These are the last two days on our trek westward across Spain.
Our first day takes us along a brief 12-kilometre coastal walk to Finisterre, our destination for the day. After checking in at the austere Hotel Finisterre, we head off for an afternoon stroll to Cabo Fisterra.
This was the western tip of the known-world prior to Columbus and, as can be expected when looking out on to the unknown abyss, rituals took hold well before St. James arrived. We are in the land of pagan beliefs. We have left the historical path to Christian enlightenment, ending in Santiago. Beyond that the journey has led us back in time to one of Roman and Celtic mysticism. Here, the power of the church has been supplanted by the infinite plane of water extending beyond these rocks. It is an undeniably powerful space, so different from our trek to Santiago.
Our lazy 10-kilometre circuit takes us past the hardy Faro (lighthouse) de Finisterra and up to Monte Facho, with its magnificent views in all directions. Looking westward, the distant Faro adds a world’s end exclamation point to the endless horizon line of the Atlantic Ocean. In the other direction. the setting sun illuminates a neckline of land, the Praia (beach) do Mar de Fora on one side, and the bustling fishing port of Finisterre nestled into the other.
Our next day’s walk – the final day of our trek – takes us northwards towards another version of land’s end, the town of Muxia. The 29-kilometre route skirts the coast of Spain through forest, farmland and small villages, occasionally offering vistas of the seaside. This is our 38th day as pilgrims and the first where the route signage is less-than-needed. We head off-course for the first time in our travels and, thanks to a lucky hunch, avoided a second detour that might have added hours to our day’s journey.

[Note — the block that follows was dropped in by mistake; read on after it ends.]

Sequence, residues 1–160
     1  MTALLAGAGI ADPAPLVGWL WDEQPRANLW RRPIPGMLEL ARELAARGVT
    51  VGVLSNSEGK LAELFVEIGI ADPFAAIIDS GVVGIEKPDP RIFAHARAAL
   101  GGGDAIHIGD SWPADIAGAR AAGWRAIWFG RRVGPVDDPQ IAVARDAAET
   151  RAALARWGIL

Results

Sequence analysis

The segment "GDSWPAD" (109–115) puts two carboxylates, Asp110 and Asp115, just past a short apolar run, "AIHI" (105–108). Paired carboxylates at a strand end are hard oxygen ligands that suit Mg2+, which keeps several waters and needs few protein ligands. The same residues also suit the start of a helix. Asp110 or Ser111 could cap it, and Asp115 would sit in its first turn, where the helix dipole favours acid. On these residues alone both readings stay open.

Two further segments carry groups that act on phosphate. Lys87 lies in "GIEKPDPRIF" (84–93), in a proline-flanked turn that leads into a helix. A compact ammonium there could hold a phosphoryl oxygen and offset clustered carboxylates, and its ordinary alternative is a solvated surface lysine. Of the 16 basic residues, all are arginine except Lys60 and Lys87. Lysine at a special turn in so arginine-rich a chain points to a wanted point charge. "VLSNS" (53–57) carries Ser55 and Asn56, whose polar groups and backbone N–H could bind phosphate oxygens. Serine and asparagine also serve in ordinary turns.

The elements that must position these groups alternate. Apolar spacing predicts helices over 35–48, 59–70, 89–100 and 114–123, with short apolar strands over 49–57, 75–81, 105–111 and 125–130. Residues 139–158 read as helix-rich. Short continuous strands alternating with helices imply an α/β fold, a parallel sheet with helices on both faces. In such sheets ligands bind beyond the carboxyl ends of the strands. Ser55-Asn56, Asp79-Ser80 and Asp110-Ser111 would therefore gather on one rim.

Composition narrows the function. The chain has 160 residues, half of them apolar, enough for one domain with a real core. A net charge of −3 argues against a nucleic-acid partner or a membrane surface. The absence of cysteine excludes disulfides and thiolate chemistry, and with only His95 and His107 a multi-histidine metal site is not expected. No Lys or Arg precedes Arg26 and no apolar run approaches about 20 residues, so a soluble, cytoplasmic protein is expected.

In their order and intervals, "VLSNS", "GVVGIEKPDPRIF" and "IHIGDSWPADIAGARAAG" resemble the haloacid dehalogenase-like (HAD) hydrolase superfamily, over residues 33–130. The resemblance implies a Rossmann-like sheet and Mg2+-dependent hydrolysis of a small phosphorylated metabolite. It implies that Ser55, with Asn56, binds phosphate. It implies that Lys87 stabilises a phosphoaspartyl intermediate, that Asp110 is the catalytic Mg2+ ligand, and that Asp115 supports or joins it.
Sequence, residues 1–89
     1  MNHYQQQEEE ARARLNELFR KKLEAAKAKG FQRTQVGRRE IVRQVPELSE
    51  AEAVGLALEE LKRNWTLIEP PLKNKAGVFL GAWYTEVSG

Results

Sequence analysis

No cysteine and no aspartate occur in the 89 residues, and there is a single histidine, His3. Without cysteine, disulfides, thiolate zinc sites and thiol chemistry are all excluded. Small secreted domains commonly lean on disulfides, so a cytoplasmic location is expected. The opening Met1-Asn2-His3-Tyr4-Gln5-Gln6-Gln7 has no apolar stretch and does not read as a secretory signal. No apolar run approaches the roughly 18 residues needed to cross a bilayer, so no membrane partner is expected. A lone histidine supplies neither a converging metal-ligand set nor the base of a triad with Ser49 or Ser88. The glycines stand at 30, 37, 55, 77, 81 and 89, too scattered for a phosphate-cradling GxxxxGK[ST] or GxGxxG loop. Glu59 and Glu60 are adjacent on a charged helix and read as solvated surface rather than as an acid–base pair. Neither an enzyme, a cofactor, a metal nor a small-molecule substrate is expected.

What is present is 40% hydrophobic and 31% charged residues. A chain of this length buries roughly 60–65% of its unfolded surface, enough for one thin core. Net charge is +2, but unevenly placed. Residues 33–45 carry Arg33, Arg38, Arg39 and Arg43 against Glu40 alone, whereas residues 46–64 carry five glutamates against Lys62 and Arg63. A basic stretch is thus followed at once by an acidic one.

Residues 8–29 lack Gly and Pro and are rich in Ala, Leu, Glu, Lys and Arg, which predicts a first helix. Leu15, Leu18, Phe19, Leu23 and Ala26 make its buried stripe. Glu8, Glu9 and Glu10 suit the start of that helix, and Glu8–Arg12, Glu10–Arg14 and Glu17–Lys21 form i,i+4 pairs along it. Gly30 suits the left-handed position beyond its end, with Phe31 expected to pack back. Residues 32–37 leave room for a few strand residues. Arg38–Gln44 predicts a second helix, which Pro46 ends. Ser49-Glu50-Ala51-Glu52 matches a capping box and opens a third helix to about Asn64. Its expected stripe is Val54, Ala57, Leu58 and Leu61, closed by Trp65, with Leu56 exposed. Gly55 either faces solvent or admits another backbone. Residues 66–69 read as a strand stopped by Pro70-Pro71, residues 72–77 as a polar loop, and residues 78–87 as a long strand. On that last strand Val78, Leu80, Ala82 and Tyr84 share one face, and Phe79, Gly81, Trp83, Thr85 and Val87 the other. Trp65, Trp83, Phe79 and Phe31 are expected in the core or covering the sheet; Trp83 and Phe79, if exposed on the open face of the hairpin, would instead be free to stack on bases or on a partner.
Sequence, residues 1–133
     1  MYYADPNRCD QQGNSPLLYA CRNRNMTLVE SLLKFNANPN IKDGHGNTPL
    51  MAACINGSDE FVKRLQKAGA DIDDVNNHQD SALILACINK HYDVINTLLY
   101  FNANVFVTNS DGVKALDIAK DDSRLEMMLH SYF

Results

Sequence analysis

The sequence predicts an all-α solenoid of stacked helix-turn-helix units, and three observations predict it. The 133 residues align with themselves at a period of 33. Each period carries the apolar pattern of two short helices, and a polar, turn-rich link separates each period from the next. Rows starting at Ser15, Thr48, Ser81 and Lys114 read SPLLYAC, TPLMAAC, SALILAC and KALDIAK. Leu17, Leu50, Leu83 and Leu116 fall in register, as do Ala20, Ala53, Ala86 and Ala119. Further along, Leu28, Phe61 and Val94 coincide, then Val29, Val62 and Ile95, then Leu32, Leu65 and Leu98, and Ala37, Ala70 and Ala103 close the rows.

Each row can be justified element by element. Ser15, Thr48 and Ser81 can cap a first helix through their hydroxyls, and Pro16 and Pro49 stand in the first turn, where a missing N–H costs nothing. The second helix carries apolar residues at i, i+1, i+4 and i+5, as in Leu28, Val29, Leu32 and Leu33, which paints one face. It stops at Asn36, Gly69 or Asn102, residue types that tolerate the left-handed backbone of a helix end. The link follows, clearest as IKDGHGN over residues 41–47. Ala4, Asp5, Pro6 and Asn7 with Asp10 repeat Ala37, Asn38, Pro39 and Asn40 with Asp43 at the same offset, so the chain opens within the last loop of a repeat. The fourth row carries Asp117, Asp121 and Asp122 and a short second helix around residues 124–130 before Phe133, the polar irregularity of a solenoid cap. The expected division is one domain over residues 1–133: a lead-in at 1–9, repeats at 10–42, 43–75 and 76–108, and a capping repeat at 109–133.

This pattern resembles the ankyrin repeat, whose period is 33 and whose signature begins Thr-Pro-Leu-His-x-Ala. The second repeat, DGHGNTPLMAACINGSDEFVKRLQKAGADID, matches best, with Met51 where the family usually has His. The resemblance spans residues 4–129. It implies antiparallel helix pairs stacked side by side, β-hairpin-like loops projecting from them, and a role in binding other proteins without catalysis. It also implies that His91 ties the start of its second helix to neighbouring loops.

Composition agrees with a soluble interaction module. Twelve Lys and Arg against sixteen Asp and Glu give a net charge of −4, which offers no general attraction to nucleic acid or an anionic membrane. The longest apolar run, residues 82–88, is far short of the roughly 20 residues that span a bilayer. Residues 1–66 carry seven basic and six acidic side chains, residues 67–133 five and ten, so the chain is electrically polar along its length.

Muxia. What a wonderful place to end our pilgrimage! It’s a quaint, charming village with tight, twisting streets that express its rugged and remote seaside setting. Beyond the town, the land rises to a rocky hill and beyond that, it sinks back down to the sea. At it’s edge rises the Santuario da Virxe da Barca, an 18th Century church dedicated to the Virgin Mary.
Monks arrived in Muxia in the 1100s to put an end to pagan beliefs. Out of their efforts came the enduring legend of the Virgin Mary, who arrived on these rocky shores in a boat made of stone in order to aid St. James in spreading the Christian message. Dotting the coastline below the Sanctuary are wind and water-carved stones, said to be parts of the stone boat, stones that are revered to this day. Just beyond the legendary shipwreck, defiant pilgrims are precariously perched on rocks, staring intently at the furious sea as waves noisily pound the shore, sending showers of salt water high into the air.
It is here, on this rugged windswept landscape, amid the intermingled forces of nature and religion, that Gail and I can similarly reflect on our own 926-kilometre journey. The Camino Francés – the way of St. James – is a path hewn by religion, connecting church to church. But ultimately, it is the walking between those points that enlightens us. Step after step, day after day, we have encountered the slow, intimate unveiling of a curious world shaped by nature, architecture, wine, food, religion. By sun and clouds. By the smell of eucalyptus. All this and more, woven into a complex, beautiful tapestry to be taken in at a pace that allows for a considered appreciation.
Such is the religion of a good, long walk. Buen Camino!
This is the final post to my Walking the Camino de Santiago, A Photo Essay. If you have any observations or your own Camino experiences to relate, feel free to use the Comments section below.
If you are interested in purchasing prints for any of the photographs in this series of Camino de Santiago blog posts, they can be ordered directly from my website at www.firmangallery.com/camino-frances